Life Back Then

A Letter from an American Missionary in India - 1944

The Rev. Carl C. Herrmann (1879-1968), a Methodist missionary, went to Jabalpur, India in 1908. After several years, he became principal of the Bible Training School (now Leonard Theological College) and superintendent of the Khandwa District. Mr. Herrmann went to the Philippines in 1920, and returned to India in 1927. He became superintendent of Aligarh district. His first wife died after a year of marriage. His second wife, Florence, served with him from 1910 until her death in 1944. They had four children, three boys and a girl. In 1947, Mr. Herrmann married Lahuna Clinton, a missionary in India since 1910. They returned to the US when he retired in 1948.

Editor’s note: This material has been provided by Camy Rea, who is a descendant of the Herrmann family.

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August 1947 – Azadi (Freedom)

Chandra Sayal née Hooja is a retired doctor, now living in Derby, England. She worked for over 30 years in the NHS in UK. She was a specialist in Community Medicine and Public Health.

Each year on 15th August when Independence Day is celebrated, most people are not even aware of the price their elders paid to get freedom. Of course, it is an occasion to celebrate, because after years of struggle, Indians were at last successful in attaining freedom. It is a cause of rejoicing since they were able to free from the clutches of the foreign rule. I am glad for the younger generations, who are now able to have their own laws, own rules, own government and freedom without being dictated by the foreigners. They must rejoice because they are now able to have own president, own prime minister, own ministers. They should be happy because they are now a free people in a free country with an end of foreign rule.

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The River Ravi - Then and Now

Dr. Anand - an unholy person born in 1932 in the holy town of Nankana Sahib, central Punjab. A lawyer father, a doctor mother. Peripatetic childhood - almost gypsy style. Many schools. Many friends, ranging from a cobbler's son (poorly shod as the proverb goes) to a judge's son. MB from Glancy (now Government) Medical College Amritsar, 1958. Comet 4 to Heathrow, 1960.
Widower. Two children and their families keep an eye on him. He lives alone in a small house with a small garden. Very fat pigeons, occasional sparrows, finches green and gold drop in to the garden, pick a seed or two and fly away.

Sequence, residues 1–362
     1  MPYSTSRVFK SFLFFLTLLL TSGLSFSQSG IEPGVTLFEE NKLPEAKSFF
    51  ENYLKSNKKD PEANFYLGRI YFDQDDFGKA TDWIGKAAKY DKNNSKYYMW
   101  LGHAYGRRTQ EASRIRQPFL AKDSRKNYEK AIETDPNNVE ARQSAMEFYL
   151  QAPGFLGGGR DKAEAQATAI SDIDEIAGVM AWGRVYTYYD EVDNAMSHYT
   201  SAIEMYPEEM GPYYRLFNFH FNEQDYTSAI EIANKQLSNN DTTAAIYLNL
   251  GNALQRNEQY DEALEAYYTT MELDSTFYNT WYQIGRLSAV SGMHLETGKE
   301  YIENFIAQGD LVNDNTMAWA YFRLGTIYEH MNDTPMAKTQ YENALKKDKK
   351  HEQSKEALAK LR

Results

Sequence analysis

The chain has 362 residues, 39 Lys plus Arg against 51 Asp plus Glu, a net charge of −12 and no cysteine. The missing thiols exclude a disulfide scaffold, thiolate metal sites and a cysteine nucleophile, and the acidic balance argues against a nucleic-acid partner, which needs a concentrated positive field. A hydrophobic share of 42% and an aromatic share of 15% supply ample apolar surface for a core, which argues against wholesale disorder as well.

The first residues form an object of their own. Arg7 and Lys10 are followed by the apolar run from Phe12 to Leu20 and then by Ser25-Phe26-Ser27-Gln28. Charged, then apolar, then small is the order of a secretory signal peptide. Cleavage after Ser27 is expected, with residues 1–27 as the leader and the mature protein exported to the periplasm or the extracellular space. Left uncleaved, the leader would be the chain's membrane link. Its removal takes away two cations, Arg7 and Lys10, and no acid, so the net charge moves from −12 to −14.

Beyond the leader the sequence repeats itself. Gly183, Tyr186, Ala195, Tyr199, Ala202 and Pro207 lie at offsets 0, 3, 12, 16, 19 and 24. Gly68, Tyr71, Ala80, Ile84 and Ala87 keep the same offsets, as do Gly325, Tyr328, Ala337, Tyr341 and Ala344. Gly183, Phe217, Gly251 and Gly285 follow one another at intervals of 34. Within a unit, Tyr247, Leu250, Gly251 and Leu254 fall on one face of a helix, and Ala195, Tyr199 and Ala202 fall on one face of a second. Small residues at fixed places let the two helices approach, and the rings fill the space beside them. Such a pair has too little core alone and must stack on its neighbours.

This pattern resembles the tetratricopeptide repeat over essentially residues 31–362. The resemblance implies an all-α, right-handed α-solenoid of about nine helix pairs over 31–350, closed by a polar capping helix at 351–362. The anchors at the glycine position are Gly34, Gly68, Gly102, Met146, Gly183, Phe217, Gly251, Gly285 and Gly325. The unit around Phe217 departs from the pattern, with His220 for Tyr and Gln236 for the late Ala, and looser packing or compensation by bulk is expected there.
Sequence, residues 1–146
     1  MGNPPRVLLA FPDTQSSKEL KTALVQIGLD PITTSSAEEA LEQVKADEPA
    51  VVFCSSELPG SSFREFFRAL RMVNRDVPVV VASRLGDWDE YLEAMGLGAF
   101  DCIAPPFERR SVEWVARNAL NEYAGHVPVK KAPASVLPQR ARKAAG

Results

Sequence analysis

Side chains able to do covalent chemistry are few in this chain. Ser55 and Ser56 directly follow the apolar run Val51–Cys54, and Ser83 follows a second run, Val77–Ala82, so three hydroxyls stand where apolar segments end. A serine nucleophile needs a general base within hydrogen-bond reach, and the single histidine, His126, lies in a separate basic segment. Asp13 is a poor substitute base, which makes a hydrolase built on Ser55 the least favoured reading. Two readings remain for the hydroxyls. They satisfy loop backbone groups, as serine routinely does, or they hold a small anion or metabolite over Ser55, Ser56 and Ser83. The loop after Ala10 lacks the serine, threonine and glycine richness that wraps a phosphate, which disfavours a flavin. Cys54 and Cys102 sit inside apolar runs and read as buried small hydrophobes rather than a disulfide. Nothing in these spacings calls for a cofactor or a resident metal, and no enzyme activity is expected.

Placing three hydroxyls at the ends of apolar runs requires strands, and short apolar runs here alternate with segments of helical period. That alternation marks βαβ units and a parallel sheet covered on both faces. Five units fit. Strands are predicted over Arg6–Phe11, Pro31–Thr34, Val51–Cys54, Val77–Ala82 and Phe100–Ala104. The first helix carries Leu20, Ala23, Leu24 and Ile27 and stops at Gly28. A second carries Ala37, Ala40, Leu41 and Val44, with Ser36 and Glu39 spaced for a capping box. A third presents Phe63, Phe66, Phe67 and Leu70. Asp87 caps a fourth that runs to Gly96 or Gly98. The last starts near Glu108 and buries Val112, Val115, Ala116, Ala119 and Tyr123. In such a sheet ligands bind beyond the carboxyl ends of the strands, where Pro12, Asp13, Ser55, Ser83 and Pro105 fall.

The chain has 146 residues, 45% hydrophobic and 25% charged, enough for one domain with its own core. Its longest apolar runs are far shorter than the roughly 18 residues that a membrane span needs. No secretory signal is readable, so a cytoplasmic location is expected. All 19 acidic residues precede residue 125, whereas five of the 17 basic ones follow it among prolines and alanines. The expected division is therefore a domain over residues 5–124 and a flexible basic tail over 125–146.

I read today (December 2018) that the river Ravi has run dry in Lahore.

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Adjusting to Cultural Norms of United States

Satinder Mullick received his doctorate from Johns Hopkins University in 1965 in Operations Research and Industrial Engineering, with a minor in Economics. He was Director of Economic Planning and Research for Corning Inc., where he worked on different consulting assignments for improving growth and profitability for 30 years. Later, he helped turn around Artistic Greetings (40% owned by American Greetings) and doubled the stock price in four years. He received Lybrand Silver Medal in 1971 from Institute of Management Accountants.

I left India in April 1960 for West Germany after getting my engineering degree, and a couple of years of experience working for Rourkela Steel Plant construction. There were some differences between Germany and India in foods and cold weather, which were challenging but not drastically different.

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My Lahore

Chandra Sayal is a retired doctor, now living in Derby, England. She worked for over 30 years in the NHS in UK. She was a specialist in Community Medicine and Public Health.


Lahore, a place of fun, grace, culture and education had suddenly changed in 1947. The place where we roamed happily and fearlessly at all hours was suddenly different. Each day, it had become like a ghost town. We dared not go out alone. We dared not stay out till dark. We dared not go to unfamiliar and faraway places. The picnics, the late night cinemas, biking and roaming around in the parks were now full of danger.

Read more: My Lahore